Keto & Brain Derived Neurotrophic Factor BDNF

(Bunny) #1

6 Ways A Ketogenic Diet Improves Brain Function …More

Brain Derived Neurotrophic Factor And Its Natural Benefits

BDNF is important for longterm memory and helps grow new neurons from neural stem cells (neurogenesis). R


  1. Basics
  2. Benefits
  3. How To Increase BDNF
  4. Mechanism of Action
  5. Genetic Pathways
  6. Caveats
  7. More Research


Brain-Derived Neurotrophic Factor (BDNF) like NGF, CNTF, GDNF, CDNF, and MANF is a protein that promotes brain growth. R

It acts on the central nervous system and the peripheral nervous system:

•helps support the survival of existing (DRG) neurons R
•encourages the growth and differentiation of new neurons and synapses R

In the brain, it is active in the hippocampus, cortex, and basal forebrain (areas vital to learning, memory, and higher thinking). R

It is also expressed in the retina, motor neurons, the kidneys, saliva, and the prostate. R

Neurotrophins are proteins that help to stimulate and control neurogenesis, BDNF being one of the most active. R R R

BDNF is important for the development of the brain, sensory nervous system and neural development, as mice born without the ability to make BDNF, will usually die soon after birth. R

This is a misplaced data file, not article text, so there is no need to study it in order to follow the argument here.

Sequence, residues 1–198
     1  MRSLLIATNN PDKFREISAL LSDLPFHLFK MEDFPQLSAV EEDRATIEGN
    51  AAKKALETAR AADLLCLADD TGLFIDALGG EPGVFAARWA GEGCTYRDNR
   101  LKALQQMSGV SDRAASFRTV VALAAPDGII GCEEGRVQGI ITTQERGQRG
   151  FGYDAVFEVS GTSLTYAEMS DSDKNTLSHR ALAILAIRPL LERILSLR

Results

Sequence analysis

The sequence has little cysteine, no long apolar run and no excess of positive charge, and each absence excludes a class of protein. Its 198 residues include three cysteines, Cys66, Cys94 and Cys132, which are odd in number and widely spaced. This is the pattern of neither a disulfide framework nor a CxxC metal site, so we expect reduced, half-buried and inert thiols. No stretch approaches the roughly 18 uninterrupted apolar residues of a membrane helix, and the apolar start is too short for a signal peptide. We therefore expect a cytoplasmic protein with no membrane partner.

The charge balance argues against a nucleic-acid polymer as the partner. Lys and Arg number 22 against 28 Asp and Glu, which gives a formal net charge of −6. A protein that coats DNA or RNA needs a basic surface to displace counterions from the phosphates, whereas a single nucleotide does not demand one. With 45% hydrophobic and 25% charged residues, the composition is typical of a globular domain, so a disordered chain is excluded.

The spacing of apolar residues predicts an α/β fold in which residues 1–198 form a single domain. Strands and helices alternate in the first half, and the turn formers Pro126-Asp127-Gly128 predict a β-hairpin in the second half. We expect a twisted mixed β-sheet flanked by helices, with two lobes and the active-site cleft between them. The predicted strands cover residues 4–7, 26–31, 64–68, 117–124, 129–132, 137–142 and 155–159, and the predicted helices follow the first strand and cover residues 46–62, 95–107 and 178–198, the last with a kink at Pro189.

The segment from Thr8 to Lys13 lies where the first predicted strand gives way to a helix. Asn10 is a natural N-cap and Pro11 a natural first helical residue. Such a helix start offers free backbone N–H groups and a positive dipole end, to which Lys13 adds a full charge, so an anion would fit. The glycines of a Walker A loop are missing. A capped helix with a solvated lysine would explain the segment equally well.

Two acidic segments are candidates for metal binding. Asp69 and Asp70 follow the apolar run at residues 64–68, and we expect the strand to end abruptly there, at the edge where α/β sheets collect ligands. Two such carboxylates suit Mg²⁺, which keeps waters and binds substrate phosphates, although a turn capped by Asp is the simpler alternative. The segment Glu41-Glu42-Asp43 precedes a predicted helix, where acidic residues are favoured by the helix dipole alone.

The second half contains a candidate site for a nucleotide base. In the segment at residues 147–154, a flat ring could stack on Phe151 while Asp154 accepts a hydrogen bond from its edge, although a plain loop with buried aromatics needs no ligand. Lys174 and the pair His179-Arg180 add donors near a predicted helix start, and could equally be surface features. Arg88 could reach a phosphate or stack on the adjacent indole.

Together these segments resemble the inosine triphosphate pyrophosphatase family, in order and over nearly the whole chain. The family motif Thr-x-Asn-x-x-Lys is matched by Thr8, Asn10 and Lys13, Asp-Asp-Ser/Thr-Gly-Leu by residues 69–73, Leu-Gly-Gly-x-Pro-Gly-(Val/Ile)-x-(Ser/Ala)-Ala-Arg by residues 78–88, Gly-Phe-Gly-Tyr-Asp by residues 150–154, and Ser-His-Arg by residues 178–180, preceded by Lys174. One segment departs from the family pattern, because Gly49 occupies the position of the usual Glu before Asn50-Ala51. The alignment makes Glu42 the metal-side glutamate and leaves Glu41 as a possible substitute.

BDNF increases until around the age of 65, and then after decrease markedly. R

BDNF facilitates glutamate release that the presynapse to increases postsynaptic glutamate receptor synthesis. R

BDNF is levels can be different in different places: blood, cerebrospinal fluid (CSF), and various brain locations, but there is no correlation between blood BDNF and CSF BDNF. R

Blood BDNF may be reliable marker, since BDNF can cross the blood brain barrier. R R

BDNF has a circadian rhythm. R R



  1. Brain changes in BDNF and S100B induced by ketogenic diets in Wistar rats.


  3. BDNF Alzheimer’s – The Fundamental Principle - Dr. David Perlmutter, MD.

  4. Broken Brain: Episode 1 - Dr. Hyman

  5. The efficacy of the ketogenic diet on motor functions in Parkinson’s disease: A rat model

  6. Effect of Dietary Ketosis On Alpha-Synuclein Accumulation - Rapid Response Innovation Awards, 2014 - Michael J. Fox Research Foundation

  7. The Ketogenic Diet Alters the Hypoxic Response and Affects Expression of Proteins Associated with Angiogenesis, Invasive Potential and Vascular Permeability in a Mouse Glioma Model.